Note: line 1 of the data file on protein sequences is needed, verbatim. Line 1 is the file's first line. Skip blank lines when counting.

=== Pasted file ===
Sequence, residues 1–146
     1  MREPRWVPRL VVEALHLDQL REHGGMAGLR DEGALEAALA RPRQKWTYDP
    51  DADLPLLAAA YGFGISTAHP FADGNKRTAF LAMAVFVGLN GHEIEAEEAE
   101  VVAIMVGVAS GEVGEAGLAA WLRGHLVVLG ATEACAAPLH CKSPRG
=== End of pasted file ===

Sequence, residues 1–146